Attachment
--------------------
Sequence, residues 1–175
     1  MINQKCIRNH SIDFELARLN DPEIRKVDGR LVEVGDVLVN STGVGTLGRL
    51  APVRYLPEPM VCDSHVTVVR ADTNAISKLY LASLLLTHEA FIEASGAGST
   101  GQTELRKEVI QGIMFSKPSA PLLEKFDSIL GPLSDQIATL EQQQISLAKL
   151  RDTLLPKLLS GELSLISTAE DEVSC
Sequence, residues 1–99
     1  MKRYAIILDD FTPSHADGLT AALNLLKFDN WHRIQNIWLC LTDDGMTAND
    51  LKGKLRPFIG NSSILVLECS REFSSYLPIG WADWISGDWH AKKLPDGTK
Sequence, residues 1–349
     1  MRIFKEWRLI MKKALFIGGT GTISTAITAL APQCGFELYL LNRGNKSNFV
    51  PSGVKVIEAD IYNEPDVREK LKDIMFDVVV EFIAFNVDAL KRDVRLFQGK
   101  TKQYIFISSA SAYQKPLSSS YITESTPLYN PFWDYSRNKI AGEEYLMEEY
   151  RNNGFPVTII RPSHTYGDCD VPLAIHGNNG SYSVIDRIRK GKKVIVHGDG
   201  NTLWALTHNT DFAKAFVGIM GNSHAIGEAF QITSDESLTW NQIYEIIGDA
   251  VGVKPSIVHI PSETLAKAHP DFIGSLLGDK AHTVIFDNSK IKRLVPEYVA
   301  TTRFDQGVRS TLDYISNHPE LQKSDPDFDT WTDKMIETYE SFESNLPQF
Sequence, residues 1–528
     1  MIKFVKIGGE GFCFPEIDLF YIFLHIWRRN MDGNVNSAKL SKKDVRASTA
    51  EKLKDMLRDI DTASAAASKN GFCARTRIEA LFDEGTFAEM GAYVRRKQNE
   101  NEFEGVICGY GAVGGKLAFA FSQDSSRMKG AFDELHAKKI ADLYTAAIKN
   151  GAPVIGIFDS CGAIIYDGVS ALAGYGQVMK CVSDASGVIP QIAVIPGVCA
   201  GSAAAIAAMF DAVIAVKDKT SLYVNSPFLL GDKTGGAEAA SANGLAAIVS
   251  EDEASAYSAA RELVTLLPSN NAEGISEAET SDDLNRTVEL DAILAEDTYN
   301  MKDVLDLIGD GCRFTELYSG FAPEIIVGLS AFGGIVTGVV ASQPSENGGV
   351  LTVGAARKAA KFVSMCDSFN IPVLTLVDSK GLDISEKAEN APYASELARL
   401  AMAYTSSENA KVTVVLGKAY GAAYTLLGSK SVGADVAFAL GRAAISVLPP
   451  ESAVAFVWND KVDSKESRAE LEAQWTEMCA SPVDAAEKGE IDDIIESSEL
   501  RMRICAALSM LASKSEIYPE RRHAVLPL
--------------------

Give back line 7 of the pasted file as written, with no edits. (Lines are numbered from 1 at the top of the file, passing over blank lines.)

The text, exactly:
     1  MKRYAIILDD FTPSHADGLT AALNLLKFDN WHRIQNIWLC LTDDGMTAND